The display built in to the iPad Mini is a 7.9 inch LCD with IPS technology. At a resolution of 1024×768, it offers 138 pixels per inch. It is not a "Retina" display, and some critics panned the iPad Mini on account of this, though it should be noted that the price you pay for a Retina display is increased battery consumption, neverm mind price tag.
You can see pixelation if you look carefully, but at a regular reading distance, the display is perfectly acceptable. The backlight it fairly power hungry, so I tend to run it at about 50-60% brightness unless I really need the extra.

The benefits of IPS over TFT for the display is that it offers a consistent display from all viewing angles. I can hold the iPad at any angle and the display looks the same. There is no fade out or switch to a negative image.
Additionally, IPS does not show rainbow patterns and other distortion when it is touched. You can imagine that this would become annoying on something that you tap repeatedly. And finally, it is able to operate at high speeds without lag or ghosting, so you can better enjoy games and movies. In terms of disadvantage, it uses slightly more power than a TFT, though in terms of overall benefit, I think it is fair to say that it is a worthy choice.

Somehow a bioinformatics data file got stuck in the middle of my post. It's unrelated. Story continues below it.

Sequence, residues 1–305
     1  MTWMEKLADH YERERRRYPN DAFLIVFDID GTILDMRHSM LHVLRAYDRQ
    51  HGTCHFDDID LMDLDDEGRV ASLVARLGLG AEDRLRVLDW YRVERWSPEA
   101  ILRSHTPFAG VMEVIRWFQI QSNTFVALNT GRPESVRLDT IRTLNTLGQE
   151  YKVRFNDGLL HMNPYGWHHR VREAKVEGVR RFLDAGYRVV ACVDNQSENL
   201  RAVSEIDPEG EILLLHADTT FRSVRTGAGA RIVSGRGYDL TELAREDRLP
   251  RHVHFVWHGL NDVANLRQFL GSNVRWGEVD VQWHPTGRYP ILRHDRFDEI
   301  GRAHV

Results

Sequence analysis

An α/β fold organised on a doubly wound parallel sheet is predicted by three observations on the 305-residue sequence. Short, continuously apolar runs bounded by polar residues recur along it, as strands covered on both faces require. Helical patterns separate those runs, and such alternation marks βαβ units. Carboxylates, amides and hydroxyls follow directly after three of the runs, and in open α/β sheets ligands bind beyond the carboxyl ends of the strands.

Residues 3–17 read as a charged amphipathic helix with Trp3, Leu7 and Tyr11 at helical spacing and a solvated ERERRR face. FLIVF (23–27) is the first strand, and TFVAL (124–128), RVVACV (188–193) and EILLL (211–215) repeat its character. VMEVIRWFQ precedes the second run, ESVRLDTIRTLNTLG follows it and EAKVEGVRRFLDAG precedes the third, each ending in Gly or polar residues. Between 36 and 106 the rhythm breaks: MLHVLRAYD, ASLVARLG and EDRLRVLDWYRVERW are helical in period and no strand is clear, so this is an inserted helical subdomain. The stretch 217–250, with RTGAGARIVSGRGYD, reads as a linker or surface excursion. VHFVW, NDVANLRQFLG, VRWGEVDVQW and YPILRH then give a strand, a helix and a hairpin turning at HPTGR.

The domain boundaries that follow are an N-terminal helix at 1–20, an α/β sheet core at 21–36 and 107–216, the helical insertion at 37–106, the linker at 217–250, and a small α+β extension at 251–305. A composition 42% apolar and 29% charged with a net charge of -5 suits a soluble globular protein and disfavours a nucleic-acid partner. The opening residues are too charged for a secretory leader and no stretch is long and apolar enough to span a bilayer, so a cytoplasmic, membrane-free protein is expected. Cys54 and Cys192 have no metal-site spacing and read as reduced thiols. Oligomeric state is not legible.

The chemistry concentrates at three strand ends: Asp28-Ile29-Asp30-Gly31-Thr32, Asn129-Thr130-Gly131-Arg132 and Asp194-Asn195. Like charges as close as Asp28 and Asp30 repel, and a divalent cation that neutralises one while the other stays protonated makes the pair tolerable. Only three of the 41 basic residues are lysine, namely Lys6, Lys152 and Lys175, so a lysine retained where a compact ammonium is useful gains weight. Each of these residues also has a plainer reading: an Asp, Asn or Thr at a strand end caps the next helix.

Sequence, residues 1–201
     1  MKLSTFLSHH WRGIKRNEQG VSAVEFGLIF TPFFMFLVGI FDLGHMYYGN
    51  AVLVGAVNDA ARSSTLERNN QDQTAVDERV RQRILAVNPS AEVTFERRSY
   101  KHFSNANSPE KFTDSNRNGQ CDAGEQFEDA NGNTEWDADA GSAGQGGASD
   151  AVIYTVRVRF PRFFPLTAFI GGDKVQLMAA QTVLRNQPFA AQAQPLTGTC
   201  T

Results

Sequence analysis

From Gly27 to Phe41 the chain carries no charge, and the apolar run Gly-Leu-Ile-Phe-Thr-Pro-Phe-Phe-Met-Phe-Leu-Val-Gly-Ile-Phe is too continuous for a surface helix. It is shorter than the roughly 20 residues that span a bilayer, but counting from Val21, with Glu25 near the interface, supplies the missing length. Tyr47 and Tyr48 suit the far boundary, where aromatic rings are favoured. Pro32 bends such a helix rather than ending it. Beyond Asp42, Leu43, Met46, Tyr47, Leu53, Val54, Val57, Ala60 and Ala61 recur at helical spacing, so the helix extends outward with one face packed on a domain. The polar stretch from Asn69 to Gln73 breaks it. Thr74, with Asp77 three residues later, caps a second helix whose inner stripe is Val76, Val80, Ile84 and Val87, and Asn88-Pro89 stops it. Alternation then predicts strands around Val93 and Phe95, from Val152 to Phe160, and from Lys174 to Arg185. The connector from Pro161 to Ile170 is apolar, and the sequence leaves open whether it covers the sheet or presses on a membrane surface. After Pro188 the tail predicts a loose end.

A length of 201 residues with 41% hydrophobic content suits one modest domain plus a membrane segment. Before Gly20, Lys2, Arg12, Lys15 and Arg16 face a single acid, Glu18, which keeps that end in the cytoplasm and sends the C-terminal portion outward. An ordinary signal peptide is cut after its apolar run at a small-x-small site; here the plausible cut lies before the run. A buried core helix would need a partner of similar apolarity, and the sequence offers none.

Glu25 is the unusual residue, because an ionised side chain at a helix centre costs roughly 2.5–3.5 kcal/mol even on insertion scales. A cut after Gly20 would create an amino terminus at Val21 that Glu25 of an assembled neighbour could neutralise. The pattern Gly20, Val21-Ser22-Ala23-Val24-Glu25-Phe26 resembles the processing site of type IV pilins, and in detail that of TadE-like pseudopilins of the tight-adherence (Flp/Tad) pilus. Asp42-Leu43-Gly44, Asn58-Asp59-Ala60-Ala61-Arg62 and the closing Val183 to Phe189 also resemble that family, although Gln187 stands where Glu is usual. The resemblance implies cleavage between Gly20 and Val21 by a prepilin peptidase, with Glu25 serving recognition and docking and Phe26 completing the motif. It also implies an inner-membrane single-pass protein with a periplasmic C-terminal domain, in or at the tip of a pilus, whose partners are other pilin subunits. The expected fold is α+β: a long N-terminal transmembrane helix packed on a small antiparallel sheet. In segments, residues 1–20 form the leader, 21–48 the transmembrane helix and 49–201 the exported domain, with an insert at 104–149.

For those who cannot live without the super-sexy Retina display, this winter a new version of the iPad Mini will be released. It will definitely offer a faster processor, but may or may not come with a Retina display (the chances are, it will). Tell me how your battery life is.

In terms of viewing, it is clear, bright, colourful... I don't have any complaint. It isn't capable of displaying true HD content (that's 1280×720 for the smaller incarnation), however it does a good enough job with the resolution that is on offer that I don't feel I am missing anything.

Here is a close-up of an app icon photographed from the screen. The big version on the left is the photograph of the screen, the small version in the middle is the photograph scaled to the same size as the icon from a screenshot, and the screenshot icon is on the right. Don't worry about the hue differences, it is nearly impossible to photograph a screen and get the colours to match up.